Protection of sex workers advocated

Catherine Healy, New Zealand Prostitutes Collective national co-ordinator, speaks in Dunedin yesterday. Photo by Stephen Jaquiery.
Catherine Healy, New Zealand Prostitutes Collective national co-ordinator, speaks in Dunedin yesterday. Photo by Stephen Jaquiery.
That view was yesterday advanced by Catherine Healy, national co-ordinator of the New Zealand Prostitutes Collective, who was addressing the Australia-New Zealand Association of Leisure Studies conference at the University of Otago.

Her talk, to about 70 conference-goers, was titled "The oldest trick: 'I'm just popping out for a walk!' Leisure and the sex industry".

Ms Healy, of Wellington, is a founding member of the Prostitutes Collective, which was established in 1987 to promote the rights, health and safety of sex workers.

In February last year, she was in a winning team at the Oxford Union that won a debate focusing on the proposition "That this house should decriminalise prostitution".

She was the first New Zealander to be invited to the Oxford Union Debate, in England, since the late David Lange spoke there in 1985.

In a wide-ranging and often witty presentation yesterday, Ms Healy said versions of the "I'm just popping out for a walk" line had been used many times by clients, including married men, to cover furtive visits to massage parlours.

Ms Healy, who is an author and former school teacher, said the collective was always looking for "some new friends".

"We've been rejected rather a lot," she said.

The Prostitution Law Reform Act had come into effect in 2003 and had decriminalised sex work and significantly improved the protection of sex workers.

"New Zealand is world-leading in its approach to sex workers." Official reviews of the Act had shown there had since been no increase in overall prostitution or in underage sex workers.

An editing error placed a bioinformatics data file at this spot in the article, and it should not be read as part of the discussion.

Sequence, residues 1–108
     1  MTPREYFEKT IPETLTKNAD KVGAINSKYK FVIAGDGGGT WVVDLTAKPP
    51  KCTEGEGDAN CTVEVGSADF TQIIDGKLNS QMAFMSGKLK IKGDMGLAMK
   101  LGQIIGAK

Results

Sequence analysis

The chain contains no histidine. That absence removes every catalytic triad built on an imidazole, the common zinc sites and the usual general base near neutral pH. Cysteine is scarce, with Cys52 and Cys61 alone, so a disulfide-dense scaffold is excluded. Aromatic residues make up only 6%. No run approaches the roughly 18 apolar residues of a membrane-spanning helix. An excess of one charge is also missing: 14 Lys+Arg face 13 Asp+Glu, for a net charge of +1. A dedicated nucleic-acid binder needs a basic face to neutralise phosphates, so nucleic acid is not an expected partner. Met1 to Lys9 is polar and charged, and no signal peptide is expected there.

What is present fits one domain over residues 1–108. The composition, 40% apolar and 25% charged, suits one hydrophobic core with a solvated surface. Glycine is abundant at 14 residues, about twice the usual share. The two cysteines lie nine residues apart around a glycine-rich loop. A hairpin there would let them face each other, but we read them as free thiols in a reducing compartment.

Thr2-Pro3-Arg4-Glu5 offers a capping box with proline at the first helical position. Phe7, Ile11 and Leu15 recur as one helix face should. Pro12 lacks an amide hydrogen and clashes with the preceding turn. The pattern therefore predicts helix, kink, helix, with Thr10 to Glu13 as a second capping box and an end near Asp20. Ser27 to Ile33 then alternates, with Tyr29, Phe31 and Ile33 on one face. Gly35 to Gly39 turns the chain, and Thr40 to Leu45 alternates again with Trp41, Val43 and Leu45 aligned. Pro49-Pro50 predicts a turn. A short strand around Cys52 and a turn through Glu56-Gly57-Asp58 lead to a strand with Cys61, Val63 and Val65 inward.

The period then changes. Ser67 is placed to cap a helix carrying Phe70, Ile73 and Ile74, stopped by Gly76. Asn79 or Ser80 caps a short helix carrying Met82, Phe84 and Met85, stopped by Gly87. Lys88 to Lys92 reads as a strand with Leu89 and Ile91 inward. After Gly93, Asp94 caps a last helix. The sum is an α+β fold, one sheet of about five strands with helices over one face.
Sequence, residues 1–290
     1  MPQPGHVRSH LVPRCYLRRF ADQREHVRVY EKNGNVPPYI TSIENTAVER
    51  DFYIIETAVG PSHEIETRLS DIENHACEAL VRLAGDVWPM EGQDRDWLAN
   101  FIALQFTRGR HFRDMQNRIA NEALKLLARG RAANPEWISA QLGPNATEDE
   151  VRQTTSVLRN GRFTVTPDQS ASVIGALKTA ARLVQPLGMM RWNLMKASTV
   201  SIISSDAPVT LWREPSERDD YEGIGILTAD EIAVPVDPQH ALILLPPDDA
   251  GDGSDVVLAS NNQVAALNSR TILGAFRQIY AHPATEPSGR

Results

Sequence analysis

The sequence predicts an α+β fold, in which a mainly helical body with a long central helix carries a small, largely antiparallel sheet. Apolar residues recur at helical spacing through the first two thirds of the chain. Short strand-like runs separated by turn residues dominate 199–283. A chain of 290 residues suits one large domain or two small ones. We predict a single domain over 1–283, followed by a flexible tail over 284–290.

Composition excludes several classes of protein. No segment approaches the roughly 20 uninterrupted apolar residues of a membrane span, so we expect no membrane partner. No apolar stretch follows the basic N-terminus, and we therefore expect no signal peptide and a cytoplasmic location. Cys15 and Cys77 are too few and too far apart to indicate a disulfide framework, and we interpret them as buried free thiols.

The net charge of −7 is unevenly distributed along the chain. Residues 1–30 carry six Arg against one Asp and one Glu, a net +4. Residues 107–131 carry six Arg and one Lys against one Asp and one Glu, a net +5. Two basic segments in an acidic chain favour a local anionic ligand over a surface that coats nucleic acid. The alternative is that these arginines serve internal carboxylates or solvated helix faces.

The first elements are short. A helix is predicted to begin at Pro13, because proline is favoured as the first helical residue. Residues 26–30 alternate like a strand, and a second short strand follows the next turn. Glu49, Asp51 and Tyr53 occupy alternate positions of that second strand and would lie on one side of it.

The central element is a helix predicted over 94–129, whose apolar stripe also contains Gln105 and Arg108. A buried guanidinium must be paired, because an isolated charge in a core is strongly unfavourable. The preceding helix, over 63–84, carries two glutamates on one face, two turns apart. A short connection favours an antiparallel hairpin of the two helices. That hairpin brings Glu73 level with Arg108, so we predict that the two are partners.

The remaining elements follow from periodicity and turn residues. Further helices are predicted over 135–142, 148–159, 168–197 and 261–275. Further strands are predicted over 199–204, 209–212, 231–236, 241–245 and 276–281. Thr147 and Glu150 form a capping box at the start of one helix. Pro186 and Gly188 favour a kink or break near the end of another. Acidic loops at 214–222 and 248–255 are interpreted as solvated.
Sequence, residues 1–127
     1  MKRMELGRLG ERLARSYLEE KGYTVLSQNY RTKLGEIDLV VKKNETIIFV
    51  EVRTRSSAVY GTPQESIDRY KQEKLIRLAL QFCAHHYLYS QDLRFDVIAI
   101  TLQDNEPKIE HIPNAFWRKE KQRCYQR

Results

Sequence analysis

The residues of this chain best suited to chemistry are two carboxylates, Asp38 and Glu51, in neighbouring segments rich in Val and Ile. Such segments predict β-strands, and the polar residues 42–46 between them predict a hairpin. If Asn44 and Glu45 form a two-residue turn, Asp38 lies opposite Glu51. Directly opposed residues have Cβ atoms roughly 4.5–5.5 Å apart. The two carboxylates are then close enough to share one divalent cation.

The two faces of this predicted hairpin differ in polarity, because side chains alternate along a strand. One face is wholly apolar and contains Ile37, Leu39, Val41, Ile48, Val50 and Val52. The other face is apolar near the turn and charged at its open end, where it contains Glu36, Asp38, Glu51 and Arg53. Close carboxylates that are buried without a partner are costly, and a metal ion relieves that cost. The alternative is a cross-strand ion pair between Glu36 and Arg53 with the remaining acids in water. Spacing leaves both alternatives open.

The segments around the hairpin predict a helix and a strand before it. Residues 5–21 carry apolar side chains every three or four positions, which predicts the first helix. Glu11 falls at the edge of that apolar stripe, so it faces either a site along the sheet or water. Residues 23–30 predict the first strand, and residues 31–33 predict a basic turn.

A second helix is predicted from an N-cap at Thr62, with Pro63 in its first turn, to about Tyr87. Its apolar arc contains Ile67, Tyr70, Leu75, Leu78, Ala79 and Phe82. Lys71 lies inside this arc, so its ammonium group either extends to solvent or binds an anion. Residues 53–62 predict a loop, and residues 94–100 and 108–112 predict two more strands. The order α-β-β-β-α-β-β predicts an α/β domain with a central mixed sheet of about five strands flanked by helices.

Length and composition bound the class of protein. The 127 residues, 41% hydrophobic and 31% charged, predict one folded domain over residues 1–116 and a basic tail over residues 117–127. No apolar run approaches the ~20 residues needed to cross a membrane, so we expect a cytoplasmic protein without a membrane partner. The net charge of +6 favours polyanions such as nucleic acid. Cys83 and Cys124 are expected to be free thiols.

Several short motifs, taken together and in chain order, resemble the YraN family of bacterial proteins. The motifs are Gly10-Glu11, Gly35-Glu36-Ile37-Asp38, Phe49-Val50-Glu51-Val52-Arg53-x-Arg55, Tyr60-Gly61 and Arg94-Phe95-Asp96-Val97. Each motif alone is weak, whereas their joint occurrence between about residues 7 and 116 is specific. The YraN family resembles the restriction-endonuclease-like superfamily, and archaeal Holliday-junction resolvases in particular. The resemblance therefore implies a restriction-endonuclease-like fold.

Over the years, New Zealand sex workers had also played a major role in promoting safe sex and reducing the spread of sexually transmitted diseases.

Ms Healy jokingly suggested conference-goers should "stick to your day jobs" and emphasised "the majority of people aren't out there paying for sex" since the law had been changed.

Despite the progressive legislation, New Zealand sex workers remained "betwixt and between, not quite out, not quite in".

A continuing lack of acceptance of the role of sex workers in the leisure industry was reflected by the excessively strict approach to bylaws involving the siting of brothels by some city councils, including in Auckland and Christchurch, where such moves have since been successfully challenged through the courts.

New Zealand had "done a better job of taking care of the wellbeing of sex workers" but the reform legislation could not be taken for granted.

Human trafficking for the sex industry had not been a problem in New Zealand and immigration authorities remained alert to prevent this.

Nevertheless, some US authorities took the view that the New Zealand legislation did not help in countering international trafficking, and pressure could eventually be applied to change the law, she said.

• This is the first time the Association of Leisure Studies conference has been held in Dunedin, and 138 people are attending, about 100 from abroad.

john.gibb@odt.co.nz

 

 

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